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3 Ways to Make Strides Toward Healthcare Interoperability


JULY, 2015

Healthcare Integration

How to Clear the Fog of War within Healthcare IT & Interoperability

I believe General Clausewitz’s metaphor of fog to describe the fear, uncertainty, and problems with information that military leaders face in war is just as applicable for today’s healthcare IT leaders as they approach Interoperability. Healthcare IT leaders today face an increasingly unclear and ever-changing environment as we continue to improve how we exchange, interpret, and use healthcare data.

The acceptable word of the day is now interoperability. We’ve moved beyond using electronic data interchange (EDI), interface, and integration because we want more than just connecting and passing data. Health Information Exchange (HIE) is still appropriate for what it is, but we got too focused on discussing “noun or verb.” Even Meaningful Use (MU) is no longer sufficient for us since that now specifically defines a standard, and not our goal. Reflecting on the evolution of the terms used, we realize it’s been an effort to eliminate the fog in our vision forward as an industry. Interoperability it is!

Successful leaders make significant strides forward by clearing the fog on a continual basis. Fog that exists in an industry like ours, much like in war, will continue to exist even as we make progress so we need to intentionally work to eliminate it. Three ways we can work to continually clear the fog for your organization and make strides forward toward healthcare interoperability are:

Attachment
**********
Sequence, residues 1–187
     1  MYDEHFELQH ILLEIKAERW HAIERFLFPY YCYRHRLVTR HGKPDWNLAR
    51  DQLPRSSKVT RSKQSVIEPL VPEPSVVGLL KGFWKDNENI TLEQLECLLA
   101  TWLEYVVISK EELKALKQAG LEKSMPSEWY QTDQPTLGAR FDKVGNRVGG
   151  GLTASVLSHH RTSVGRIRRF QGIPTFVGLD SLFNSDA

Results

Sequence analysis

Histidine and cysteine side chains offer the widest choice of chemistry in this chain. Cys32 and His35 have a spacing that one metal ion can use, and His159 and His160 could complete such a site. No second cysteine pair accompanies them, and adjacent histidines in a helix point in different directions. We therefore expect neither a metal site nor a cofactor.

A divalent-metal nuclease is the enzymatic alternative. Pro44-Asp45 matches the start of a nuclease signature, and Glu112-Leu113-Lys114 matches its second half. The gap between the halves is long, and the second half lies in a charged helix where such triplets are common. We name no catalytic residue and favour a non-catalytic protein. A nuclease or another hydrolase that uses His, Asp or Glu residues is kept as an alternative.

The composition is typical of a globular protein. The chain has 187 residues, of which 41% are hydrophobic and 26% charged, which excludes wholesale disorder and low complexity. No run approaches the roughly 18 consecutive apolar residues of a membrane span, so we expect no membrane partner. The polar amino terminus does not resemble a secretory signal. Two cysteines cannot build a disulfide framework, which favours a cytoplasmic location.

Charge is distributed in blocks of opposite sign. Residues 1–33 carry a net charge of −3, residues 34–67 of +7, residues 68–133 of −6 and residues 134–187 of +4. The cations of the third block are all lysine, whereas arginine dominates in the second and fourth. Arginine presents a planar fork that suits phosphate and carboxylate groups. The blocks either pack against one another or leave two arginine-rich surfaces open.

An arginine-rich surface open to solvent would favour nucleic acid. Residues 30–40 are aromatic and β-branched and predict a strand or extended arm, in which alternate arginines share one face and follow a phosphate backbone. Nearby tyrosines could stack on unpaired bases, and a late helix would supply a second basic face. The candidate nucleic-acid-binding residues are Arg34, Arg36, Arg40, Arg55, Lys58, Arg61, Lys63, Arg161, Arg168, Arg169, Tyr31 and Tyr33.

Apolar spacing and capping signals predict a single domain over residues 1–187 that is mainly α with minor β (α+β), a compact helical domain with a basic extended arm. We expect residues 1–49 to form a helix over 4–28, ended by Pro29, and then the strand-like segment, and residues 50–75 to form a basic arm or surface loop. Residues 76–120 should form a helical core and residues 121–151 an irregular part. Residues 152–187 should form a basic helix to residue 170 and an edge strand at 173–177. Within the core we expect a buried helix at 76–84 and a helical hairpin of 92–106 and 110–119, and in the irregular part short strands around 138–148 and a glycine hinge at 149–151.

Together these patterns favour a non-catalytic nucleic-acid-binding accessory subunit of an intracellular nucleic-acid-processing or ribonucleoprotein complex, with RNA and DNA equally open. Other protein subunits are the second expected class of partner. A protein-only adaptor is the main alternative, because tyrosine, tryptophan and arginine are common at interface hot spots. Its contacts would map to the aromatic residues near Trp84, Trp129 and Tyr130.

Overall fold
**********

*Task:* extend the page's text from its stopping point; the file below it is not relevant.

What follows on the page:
3 Ways to Achieve Healthcare Interoperability | Core Health Technologies

1. Define a Clear VISION and Champion It

The best way to make sure we make sure the fog isn’t distracting is to focus on the end of the path. While we all are leading from different levels within our organization and will have different visions for our teams, we must be able to articulate where we’re headed and why we’re going there in the first place.

In his recent blog entitled “12 Things You Should Know About Health Information Exchanges,” Greg Barnowsky, Chief Architect at Independence Blue Cross explains the results of his HIMSS HIE workgroups findings to Healthcare Information Exchange (HIE). Several of the top challenges included the lack of federal standards, the organization’s value proposition, and the ability to integrate the technology into the organization’s workflow. All of these challenges are difficult to achieve, but with a clearly defined vision and purpose, leaders can motivate and lead their team down the path.

Quick Win Tip: Chose an objective on your team’s list that is not making progress. For example, I’ve heard multiple leaders talk about a list of physician’s organizations that they need to integrate with or more lab interfaces that need to get done. Whatever it is, use it as a way to reinforce your vision. Engage an experienced consultant to make progress on the objective and champion the effort to cast your vision of healthcare interoperability. By clearing the deck of tasks on the project hanging out there, your team sees progress and commitment toward that vision and better yet, they see your commitment to them.

“… the story we hear often is true; that we just never get the time to complete the project.”

2. Have the COURAGE to Challenge the Status Quo